- FreeAgent poll reveals that just a fifth (20%) of small business owners think the UK education system provides young people with adequate entrepreneurial skills.
The UK education system needs to provide students with better, more practical skills in order to stimulate the next generation of entrepreneurs, a new survey has suggested.
According to new research carried out by cloud accounting software company FreeAgent, 80% of UK small business owners think that the current education system is failing to provide students with the necessary skills needed to start their own businesses.
The poll, which surveyed more than 1000 SMEs across the country, found that just 5% of respondents believed that young people in the UK were being given the right education to enable them to begin their entrepreneurial journey and run a business. The results come as the UK’s main political parties start to reveal their election manifestos and outline their proposed changes to the education system.
When asked what practical skills would help students start a business, 90% of small business owners said that they thought “understanding finance” would be a valuable addition to the school curriculum. In addition, almost three quarters (74%) of respondents said that they would like to see school students have the opportunity to learn a basic understanding of economics.
Other popular suggestions for skills that would help students start a business included management (64%), IT (62%), negotiation skills (54%) and basic legal training (51%). Just under half (44%) of respondents also said that learning basic public speaking skills would be beneficial.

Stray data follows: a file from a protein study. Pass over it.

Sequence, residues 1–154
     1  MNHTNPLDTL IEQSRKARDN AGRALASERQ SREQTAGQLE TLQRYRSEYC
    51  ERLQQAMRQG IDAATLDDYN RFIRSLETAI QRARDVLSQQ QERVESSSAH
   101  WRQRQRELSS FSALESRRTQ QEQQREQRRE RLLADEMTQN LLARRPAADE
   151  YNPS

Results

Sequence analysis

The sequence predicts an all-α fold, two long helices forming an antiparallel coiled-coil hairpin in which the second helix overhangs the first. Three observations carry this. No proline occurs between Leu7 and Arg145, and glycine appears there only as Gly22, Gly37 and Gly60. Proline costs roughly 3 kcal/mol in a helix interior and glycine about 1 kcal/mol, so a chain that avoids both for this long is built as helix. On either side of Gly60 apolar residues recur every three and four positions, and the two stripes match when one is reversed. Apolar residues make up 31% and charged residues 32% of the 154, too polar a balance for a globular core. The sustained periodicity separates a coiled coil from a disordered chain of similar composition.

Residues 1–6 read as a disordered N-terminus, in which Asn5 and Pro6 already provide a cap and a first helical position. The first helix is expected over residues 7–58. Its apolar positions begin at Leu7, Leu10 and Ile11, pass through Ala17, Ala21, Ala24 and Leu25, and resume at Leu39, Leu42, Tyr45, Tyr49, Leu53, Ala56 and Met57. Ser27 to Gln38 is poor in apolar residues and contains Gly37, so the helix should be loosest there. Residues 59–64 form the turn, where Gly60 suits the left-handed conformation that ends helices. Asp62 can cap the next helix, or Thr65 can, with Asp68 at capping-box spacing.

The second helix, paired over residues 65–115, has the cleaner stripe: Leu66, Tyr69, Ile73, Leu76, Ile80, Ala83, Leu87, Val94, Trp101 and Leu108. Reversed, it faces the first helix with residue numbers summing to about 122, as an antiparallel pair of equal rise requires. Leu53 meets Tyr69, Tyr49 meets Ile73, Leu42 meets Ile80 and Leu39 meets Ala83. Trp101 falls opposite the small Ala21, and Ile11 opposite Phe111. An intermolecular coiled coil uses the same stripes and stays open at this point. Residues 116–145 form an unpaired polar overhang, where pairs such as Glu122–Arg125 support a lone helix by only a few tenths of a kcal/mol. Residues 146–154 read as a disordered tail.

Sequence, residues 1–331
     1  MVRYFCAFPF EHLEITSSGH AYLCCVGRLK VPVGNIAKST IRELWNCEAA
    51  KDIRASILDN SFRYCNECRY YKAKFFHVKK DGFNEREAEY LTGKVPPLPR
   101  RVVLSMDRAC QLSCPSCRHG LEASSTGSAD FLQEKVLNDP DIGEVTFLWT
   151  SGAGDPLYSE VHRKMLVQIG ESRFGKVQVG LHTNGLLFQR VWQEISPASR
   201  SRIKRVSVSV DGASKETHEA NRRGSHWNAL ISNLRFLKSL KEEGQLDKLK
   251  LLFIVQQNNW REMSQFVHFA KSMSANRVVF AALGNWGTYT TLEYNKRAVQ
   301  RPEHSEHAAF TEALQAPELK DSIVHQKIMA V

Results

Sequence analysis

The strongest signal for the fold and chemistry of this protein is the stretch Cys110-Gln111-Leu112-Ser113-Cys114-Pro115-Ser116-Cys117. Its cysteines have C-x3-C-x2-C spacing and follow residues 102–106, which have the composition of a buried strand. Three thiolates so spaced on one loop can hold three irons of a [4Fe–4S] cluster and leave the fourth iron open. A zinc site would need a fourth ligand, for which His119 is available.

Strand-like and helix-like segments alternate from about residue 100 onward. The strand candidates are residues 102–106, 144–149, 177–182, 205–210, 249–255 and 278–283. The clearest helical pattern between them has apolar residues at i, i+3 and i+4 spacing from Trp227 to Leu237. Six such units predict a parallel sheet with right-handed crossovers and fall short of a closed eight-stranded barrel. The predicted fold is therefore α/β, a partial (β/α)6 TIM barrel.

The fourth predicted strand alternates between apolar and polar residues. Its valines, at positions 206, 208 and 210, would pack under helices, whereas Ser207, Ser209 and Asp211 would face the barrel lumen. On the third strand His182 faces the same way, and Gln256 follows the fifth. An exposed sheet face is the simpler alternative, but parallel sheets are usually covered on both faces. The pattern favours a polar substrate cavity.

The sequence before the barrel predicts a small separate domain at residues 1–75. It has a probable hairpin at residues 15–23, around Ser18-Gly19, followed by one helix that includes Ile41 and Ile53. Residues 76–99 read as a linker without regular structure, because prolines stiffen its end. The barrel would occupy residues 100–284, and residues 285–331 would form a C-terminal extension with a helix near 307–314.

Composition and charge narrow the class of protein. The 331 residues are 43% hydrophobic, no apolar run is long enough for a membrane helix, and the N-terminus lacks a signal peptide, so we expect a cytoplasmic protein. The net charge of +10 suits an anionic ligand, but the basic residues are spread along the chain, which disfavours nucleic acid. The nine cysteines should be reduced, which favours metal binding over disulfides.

Ed Molyneux, CEO and co-founder of FreeAgent, said: “We regularly hear about how small businesses are the backbone of the UK economy and how they need to be supported and nurtured. But it’s clear from our research that the current education system is failing to foster the entrepreneurial skills required to actually start and run a business
“The majority of small business owners we surveyed believe that students should be taught basic business skills while they progress through their education. By understanding economics, finance, law and management – as well as learning niche skills like negotiating and public speaking – young people will be better prepared to consider self-employment as a career.
“With the General Election approaching, I would like to see the major political parties pledging to expand the curriculum in order to provide young people with the skills they need to work in the 21st century economy.”